17 September 2017

Seventy six

The weather continues to fall into wet leaves and early sunsets that will now repeat until March of next year. This, for me, is a welcome return, one that signals an end to one kind of mania triggered by the sun coming up before five in the morning. I reluctantly turned on the heating on Friday, after feeling like I wasn’t going to ever get warm underneath a jumper and my coat. I stood by the radiator as it warmed up and thought about the things that we need to do to fix the living room after we torn out all the carpet in July. I need to seal the floorboards and put some sealant under the skirting. Buy a rug. Have the boiler replaced.

The house is almost nearly ours, after several months of going back and forth with the solicitors. I email Tina every few days now to push the point that things haven’t been completed and ask why it seems to have taken so long. Tina assures me that they have been passing information back-and-forth between each other, two sets of British solicitors having tea at every occasion they can and moaning about something having gone pear-shaped, one imagines. Or rather, what I imagine, as an American who is trying to get in the minds of the islanders and who just wants it all to be done last week.

Luckily, thanks to some apparent personal growth afforded by meditation, the house-buying process has beem less upsetting that it might have been last year. Two or three weary British acquaintances looked at me with pity when I talked about my brother buying a house in a week in the Lubbock, in the States, and told me to expect it would take several months, even in the best case scenario. So I’ve relaxed now, and am taking it in stride, saving my wrath for customer service elsewhere, like my father might. Besides, something is bound to break on the house in the next week anyway, and better it be the landlady’s responsibility.

In the meanwhile, there are other things to attend to, like my weight, which finally has fallen back below seventy six kilograms, to where I was in the end of 2015 for several months. It took a couple of weeks, once when it was low and I was euphoric before it ticked up again for a week, and then low again, and then back up, but now up and below seventy six, which is what I wanted all along. I don’t feel good about it, unfortunately – now it just feels like a number. Instead, I have the sort of nervous energy that comes with having accomplished something that you now need to maintain. Thinness is not something achieved, it is something maintained. You gotta do it every day, while still thinking to yourself, I am a fat person. You look in the mirror and still see eighty eight kilogram Stephen looking back at you.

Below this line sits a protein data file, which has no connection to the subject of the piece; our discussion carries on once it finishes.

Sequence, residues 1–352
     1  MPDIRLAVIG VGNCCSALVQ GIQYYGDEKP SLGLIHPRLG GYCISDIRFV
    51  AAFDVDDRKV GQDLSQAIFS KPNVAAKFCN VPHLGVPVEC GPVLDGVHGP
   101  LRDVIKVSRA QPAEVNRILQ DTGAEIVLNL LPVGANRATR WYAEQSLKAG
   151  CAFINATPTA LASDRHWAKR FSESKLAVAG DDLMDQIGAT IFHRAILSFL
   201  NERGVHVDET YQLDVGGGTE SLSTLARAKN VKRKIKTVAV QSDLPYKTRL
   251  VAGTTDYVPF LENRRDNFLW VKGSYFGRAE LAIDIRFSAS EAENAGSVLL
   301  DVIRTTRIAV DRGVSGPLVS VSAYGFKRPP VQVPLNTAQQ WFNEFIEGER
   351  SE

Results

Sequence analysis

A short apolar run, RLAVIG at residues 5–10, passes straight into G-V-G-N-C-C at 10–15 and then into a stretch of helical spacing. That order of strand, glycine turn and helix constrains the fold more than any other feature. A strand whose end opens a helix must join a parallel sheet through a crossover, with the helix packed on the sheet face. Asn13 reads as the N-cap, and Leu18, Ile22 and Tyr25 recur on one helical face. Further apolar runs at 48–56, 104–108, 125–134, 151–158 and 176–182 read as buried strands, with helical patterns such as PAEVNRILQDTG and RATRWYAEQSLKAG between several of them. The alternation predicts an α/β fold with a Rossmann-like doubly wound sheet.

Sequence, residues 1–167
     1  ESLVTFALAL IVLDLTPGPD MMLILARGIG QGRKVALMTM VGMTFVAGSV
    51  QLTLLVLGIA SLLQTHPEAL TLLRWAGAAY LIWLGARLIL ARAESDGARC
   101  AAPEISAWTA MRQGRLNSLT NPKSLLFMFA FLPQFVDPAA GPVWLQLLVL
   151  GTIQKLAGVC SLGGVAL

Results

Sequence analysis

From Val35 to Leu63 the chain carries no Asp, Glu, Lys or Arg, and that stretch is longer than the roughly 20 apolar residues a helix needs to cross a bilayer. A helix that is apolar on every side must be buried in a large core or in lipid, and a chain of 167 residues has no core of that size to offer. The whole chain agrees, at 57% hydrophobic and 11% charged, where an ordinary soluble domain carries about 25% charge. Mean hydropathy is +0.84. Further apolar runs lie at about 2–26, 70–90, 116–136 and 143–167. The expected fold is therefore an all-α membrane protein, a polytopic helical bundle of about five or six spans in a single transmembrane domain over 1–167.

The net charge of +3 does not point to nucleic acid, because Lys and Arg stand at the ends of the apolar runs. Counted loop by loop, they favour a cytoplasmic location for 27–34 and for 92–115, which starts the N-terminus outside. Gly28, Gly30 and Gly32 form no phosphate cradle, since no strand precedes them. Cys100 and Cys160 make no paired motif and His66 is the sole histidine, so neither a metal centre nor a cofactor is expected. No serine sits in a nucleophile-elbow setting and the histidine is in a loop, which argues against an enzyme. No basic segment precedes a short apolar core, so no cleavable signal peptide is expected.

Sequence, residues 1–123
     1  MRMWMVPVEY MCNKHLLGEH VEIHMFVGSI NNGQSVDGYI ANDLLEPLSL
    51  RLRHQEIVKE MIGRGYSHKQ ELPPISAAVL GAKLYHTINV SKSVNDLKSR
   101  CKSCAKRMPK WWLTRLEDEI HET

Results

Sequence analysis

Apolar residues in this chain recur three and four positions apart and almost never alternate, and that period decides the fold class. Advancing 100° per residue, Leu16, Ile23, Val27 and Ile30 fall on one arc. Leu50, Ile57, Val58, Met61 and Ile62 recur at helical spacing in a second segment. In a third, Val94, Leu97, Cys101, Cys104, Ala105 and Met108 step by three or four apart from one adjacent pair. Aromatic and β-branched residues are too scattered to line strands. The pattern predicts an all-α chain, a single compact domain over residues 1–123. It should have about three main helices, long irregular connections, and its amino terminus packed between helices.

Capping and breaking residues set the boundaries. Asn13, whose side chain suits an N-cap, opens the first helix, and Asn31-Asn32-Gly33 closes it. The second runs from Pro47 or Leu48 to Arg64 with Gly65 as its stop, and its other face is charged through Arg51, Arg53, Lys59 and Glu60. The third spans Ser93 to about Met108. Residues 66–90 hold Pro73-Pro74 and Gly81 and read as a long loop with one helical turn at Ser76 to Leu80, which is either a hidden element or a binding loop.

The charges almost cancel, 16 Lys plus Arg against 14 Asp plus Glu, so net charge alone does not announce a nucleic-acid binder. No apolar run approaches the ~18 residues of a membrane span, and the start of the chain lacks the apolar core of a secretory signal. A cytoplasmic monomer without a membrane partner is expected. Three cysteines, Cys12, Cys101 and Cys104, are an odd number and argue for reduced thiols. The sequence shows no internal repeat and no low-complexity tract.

My legs are hurting from running on new insoles, so I had to take a day off of running, but with no weight to drop, that part of the game and the motivation to bring down the number even further diminishes. There is little else to do. The fitness vloggers I watch all talk about an endless series of challenges, but this just sounds exhausting to me. I don’t want to have a positive mindset. I don’t have the patience for it. Instead, I just want to be normal. I want to eat a cookie and not think about it. I want to wander around a pet store without feeling lethargic and tired, without taking note of the expected life span of the small animals, and wondering about the next thirty years, and whether I will feel this way forever.

Instead, I am still overly cautious, ordering toast at a men’s breakfast I went to with some people from the church, and causing some consternation among the organisers for not ordering what everyone else had and then suggesting, it appeared, that I was eating less as some morally superior position as a thin person, rather than the truth that I was worried about eating too much and spending too much of the family’s money, which makes no sense from the outside. You look fine, Stephen – you have plenty of money and no one is going to kick you out of the country. Yes, no, you’re right, it’s just that, I just don’t… and of course it can’t be explained.

The work is beginning to pile up again and I marked MA dissertations for several weeks and then worked on transcriptions for one of the new books and then transcriptions for another book chapter about deixis and then edited some of the writing for another. We had a staff meeting and I took over some responsibility for our research group and managing a small budget. Yoko and I had coffee and I disappeared into the the Birmingham University library for an afternoon. All the things that have become habit around this time of year, ignoring the feeling of my body and however uncomfortable or comfortable it is. I look in the mirror and still feel fat – I can’t seem to make sense of myself as a thinner person. My suit coat is probably too big now, isn’t it, but I will also probably be fat again in no time. Better wait it out until after Christmas at least.